Katherine Sherwood: The Interior of the Yelling Clinic
Walter Maciel Gallery
March 3 – 28 April 28, 2018
By Jody Zellen
Katherine Sherwood is a well known and respected Bay Area artist and educator. She was a professor of Art Practice at University of California Berkeley for 30 years and is now a Professor Emeritus. Though she has connections to Los Angeles, she has not been featured in a solo exhibition here for many years. It is a rare treat to see both new an old works on view at Walter Maciel Gallery presented together under the title, The Interior of the Yelling Clinic.
Core to Sherwood’s practice is the fact that she had a debilitating cerebral hemorrhage that occurred twenty-two years ago when she was 44, requiring her to overcome paralysis and learn to paint with the opposite hand. The illness drastically changed her attitude and style of painting as the work took into consideration and presented scans of her brain activity. In 2008 Sherwood co-founded the Yelling Clinic, an art collective with five members, each interested in the intersection between war and disability and with a desire to mix artistic practices and community outreach. To yell is to have a voice, states Sherwood. Her contribution to the art of the Yelling Clinic was a series of mixed media paintings that resembled figures, entitled Healers from the Yelling Clinic (2010). At Walter Maciel Gallery, these works are installed on a grey wall in a hroizontal line. Each piece features an image of neuro-anatomy from the 15th to the 21st century positioned as a head or other body part. These photographic elements are painted over and around, suggesting other aspects of the body and juxtaposed with fabric that becomes pants or a skirt. The figures represent healers and the works are meant to speak to the body’s ability to heal itself. These intriguing works serve as the introduction to Sherwood’s newer pieces.
In the main gallery, Sherwood presents a series of still-lifes and Odalisques drawn from different periods of art history. In each work, the reclining venuses are shown with a disability— be it a cane, a leg brace or missing limb. The head in each appropriated rendition is a scan of Sherwood’s brain. The painted figures casually rest atop an abstract patterned fabric. The surface upon which Sherwood paints is a patchwork of discarded reproductions that were used as teaching aids in art history courses before slides and then digital reproductions became the norm. Sherwood composites these varying sized reproductions together and although she paints on the blank canvas, she allows the various identifying markings and hand written artist’s names to remain. For example, in Olympia (2014) modeled on Manet’s 1893 work, Sherwood transforms the naked figure by replacing her head with a brain scan, surrounded by a floral crown. She is faithful to the position of the left hand and includes the bracelet on the right forearm. The reclining woman sits upon a patterned throw rather than white sheets and her sensual white left leg now is encased in a brace. Sherwood’s depictions shy away from pearly white skin— her Venus are mixed race, with dark skin tones. In addition to the five Venus, Sherwood also includes a series of still-lifes based on well known paintings. Like in the figures, Sherwood inserts brain scans using them as floral decoration.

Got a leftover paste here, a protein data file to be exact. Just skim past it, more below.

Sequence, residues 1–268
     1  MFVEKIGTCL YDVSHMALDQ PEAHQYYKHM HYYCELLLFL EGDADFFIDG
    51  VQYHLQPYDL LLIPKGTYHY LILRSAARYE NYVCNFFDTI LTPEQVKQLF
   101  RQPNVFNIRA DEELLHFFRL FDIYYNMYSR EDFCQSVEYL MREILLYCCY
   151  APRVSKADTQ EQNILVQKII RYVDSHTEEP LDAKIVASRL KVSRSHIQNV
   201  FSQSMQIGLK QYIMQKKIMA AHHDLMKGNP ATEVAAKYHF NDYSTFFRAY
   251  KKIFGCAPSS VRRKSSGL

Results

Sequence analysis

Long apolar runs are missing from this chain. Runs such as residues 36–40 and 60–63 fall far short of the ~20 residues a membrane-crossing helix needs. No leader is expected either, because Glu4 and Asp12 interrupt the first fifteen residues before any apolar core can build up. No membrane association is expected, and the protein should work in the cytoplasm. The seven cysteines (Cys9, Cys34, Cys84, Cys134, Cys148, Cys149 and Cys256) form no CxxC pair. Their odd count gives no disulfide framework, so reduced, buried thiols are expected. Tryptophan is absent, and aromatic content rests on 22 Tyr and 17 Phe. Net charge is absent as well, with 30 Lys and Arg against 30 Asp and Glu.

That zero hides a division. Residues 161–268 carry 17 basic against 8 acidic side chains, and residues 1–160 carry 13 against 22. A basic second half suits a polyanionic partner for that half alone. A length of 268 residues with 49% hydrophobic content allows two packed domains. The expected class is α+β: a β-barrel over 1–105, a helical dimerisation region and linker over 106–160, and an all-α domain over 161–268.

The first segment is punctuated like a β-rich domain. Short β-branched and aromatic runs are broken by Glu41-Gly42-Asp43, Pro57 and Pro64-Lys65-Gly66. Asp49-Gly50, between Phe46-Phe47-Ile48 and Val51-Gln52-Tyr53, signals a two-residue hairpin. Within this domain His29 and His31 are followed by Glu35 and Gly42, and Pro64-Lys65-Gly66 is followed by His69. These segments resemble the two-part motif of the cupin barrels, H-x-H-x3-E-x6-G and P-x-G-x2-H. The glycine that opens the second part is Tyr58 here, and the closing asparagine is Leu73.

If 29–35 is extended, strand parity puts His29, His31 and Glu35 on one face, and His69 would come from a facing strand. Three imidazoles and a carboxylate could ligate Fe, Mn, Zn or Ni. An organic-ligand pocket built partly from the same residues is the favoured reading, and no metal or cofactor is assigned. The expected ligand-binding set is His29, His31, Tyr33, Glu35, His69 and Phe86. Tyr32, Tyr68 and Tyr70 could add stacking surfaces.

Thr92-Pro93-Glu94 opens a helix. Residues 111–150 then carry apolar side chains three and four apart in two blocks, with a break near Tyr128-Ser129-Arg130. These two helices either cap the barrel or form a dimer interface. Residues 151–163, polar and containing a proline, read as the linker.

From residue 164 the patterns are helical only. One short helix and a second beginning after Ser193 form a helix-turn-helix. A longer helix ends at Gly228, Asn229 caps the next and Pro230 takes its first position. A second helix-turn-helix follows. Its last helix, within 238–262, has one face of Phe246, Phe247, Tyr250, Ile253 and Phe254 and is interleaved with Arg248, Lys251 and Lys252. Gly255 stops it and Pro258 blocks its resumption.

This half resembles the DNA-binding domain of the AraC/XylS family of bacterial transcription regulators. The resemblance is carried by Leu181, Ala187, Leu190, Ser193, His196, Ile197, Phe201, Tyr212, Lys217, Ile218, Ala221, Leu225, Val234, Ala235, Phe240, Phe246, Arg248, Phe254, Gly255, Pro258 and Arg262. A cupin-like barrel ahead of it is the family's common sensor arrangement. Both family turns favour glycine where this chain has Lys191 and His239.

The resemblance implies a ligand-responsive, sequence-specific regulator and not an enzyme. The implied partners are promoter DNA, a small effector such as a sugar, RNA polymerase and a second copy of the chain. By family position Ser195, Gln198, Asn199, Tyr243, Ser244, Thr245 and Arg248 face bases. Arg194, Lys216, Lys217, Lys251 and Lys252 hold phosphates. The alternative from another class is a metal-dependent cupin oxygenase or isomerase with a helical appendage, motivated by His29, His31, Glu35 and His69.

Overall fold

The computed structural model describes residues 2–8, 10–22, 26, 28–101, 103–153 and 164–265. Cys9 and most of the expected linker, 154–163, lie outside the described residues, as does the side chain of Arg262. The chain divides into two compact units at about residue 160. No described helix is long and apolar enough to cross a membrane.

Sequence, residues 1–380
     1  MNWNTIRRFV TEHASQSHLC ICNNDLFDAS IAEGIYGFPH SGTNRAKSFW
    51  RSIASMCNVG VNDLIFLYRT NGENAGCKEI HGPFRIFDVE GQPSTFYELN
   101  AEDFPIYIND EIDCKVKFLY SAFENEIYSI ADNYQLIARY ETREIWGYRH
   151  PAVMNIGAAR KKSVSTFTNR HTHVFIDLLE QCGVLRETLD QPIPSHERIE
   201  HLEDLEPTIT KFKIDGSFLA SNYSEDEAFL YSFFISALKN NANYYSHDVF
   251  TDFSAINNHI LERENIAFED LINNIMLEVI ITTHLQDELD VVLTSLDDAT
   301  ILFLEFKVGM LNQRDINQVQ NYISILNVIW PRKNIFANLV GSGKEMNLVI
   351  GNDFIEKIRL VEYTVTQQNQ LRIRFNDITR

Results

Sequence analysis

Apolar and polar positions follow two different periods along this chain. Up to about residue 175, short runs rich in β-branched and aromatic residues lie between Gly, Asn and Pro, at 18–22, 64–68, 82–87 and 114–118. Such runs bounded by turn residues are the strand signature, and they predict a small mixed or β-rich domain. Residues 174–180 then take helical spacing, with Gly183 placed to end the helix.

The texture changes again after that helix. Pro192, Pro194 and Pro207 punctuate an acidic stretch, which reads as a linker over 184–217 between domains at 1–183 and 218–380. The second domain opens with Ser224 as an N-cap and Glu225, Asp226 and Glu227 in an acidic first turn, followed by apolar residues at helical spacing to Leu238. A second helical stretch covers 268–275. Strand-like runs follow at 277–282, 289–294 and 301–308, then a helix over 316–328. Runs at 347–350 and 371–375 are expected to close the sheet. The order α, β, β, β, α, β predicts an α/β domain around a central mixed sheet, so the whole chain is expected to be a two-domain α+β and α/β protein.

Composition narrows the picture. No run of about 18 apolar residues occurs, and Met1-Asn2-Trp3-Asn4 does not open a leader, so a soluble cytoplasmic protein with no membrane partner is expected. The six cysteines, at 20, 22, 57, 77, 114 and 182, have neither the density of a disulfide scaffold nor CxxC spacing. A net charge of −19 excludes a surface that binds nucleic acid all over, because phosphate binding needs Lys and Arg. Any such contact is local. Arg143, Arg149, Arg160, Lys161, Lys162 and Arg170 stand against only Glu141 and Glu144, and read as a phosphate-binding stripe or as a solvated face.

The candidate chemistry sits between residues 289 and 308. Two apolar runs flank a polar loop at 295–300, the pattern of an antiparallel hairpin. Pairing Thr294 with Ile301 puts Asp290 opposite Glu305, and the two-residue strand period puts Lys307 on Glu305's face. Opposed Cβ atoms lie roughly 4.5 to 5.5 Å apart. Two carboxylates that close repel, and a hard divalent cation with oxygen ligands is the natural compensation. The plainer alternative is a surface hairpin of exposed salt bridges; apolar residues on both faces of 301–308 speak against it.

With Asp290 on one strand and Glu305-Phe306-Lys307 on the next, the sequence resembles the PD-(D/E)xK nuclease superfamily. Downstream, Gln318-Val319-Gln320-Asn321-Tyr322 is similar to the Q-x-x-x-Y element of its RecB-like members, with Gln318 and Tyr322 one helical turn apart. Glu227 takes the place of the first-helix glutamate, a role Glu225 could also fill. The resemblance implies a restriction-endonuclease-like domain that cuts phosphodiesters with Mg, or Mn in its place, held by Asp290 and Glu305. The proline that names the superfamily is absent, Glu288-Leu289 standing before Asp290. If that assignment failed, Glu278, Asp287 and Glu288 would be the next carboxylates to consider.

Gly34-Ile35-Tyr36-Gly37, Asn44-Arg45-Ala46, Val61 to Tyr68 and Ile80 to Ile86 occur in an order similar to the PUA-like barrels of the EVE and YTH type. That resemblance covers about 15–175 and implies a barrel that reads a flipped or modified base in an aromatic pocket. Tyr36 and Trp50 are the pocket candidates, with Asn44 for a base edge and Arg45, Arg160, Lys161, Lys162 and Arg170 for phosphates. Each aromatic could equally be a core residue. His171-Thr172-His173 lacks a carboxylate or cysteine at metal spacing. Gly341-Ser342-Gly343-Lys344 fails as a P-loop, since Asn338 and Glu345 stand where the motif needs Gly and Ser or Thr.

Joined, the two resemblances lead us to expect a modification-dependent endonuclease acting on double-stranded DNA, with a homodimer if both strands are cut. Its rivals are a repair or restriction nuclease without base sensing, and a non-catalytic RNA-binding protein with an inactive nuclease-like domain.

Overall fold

Peonies after Manet (2017) is based on a Manet painting Peonies in a Vase from 1864. Sherwood’s version follows Manet’s composition— a glass vase filled with mostly pink and red flowers— however Sherwood replaces some of the flowers with black and white collages of brain scans in addition to setting the vase on a patterned tablecloth rather than the bare wood. Poppies (2018) references Van Gogh’s Vase with Red Poppies and Daisies (1890) and again, Sherwood has faithfully reproduced Van Gogh’s composition while subtlety inserting flowers made from brain imagery and setting the vase on a black and white checkerboard table. The background in the still-lifes are also the mangled and wrinkled art history prints with ambiguous references in their corners like Giot 604 (a reference to Giotto perhaps?). The image Flowers and Fruit, (2014) is suspended from the ceiling allowing curious viewers to see the back side, a taped together collage of art prints that includes landscape and portrait paintings including one by Cezanne.
While the reproductions that Sherwood paints upon does not direct the specifics of her imagery, it is significant that she is reworking the canon of art history. She is taking a stand, speaking out for those who are other in some fashion, making beautiful and empowering works.